The absence of fan noise seemed a small thing at first, but Chris’ gaming laptop now sounds like a jet engine to me
I didn’t need another laptop, and the M1 Mac Mini’s would still require springing for a new monitor so I held out for the inevitable M1 iMac. In late April, my patience was rewarded and I immediately placed an order for the “yellow” (actually mostly gold) 16GB model. Upon arrival I threw in some Sony a7S III 4K footage and the iMac didn’t break a sweat. 5.9K Panasonic S1H footage? Played like I was working with 1080P. Only the 8K 10-bit from Canon’s R5 caused some dropped frames when stacking multiple clips.
The interesting thing is that it’s the performance when working on a video or photo that makes the M1 computer stand apart. When exporting photos and videos, it’s not dramatically faster than my old 2018 MacBook Pro. The thing is, I don’t spend my days exporting, most of my time is spent in Final Cut Pro or Capture One actually editing, and there the iMac feels like a giant step forward. Instantly seeing the results when make an edit makes me much more productive, and more importantly, less frustrated. The absence of fan noise seemed a small thing at first, but Chris’ gaming laptop now sounds like a jet engine to me when he fires up Capture One.
The iMac was a big improvement for me, but I didn’t realize how big the jump forward was until I finally boarded a plane again for the launch of the Nikon Z9. That trip necessitated me bringing my old Intel MacBook Pro and working on it again was utterly aggravating. Previewing 8K footage was a slideshow, every adjustment required a visit from my old friend the spinning beachball, and I could feel my hunchback starting to slowly re-form. Upon returning from the trip, I almost sprinted to the iMac and was rewarded with seamless editing of the Z9 files.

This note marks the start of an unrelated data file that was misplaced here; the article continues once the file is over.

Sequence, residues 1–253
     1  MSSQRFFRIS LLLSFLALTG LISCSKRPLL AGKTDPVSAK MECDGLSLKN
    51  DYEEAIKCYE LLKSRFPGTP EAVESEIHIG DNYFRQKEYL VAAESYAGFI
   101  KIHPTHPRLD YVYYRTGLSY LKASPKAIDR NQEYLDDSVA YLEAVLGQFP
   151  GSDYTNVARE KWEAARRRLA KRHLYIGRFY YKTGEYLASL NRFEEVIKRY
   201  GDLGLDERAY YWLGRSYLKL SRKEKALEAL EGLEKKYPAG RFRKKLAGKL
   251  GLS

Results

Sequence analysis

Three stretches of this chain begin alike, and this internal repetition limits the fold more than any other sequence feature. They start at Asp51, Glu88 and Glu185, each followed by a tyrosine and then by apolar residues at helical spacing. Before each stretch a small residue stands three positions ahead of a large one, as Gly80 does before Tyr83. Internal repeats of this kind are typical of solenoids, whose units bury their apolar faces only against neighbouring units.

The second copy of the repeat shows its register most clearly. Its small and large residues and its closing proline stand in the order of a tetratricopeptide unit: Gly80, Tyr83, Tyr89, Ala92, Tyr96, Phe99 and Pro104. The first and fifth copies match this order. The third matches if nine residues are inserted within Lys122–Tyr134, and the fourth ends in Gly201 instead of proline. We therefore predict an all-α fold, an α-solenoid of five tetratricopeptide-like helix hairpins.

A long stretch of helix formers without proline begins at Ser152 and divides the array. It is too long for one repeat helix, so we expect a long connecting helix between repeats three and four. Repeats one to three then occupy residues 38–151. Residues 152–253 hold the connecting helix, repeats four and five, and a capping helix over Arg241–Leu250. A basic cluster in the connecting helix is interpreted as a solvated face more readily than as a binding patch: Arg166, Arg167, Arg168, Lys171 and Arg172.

I almost never feel like I’m pushing this iMac to its limits even when working with high resolution footage
This computer is not infallible: the M1 has a really tough time working with Canon CRaw and Red’s R3D raw video footage. However, I rarely work with those files, and both Apple’s ProRes Raw and Blackmagic’s BRaw formats work brilliantly, which are becoming the most popular raw video formats. If you regularly work with R3D and CRaw footage this might not be the machine for you.
Which bring me to the major announcement at the end of this year: the new M1 Pro and M1 Max MacBook Pros. These are considerably more powerful than the M1 based machines, and would be a good choice for anyone working with raw video or doing 3D rendering. For a lot of people, those new laptops will be their Gear Of The Year, and I’ll probably end up purchasing one when travel becomes significantly less terrifying. The thing is, I almost never feel like I’m pushing this iMac to its limits even when working with high resolution footage from the latest mirrorless and cinema cameras. So, while I type this with proper posture looking at a lovely display, it was impossible for me to pick anything else for my Gear Of The Year.
This article comes from DP Review and can be read on the original site.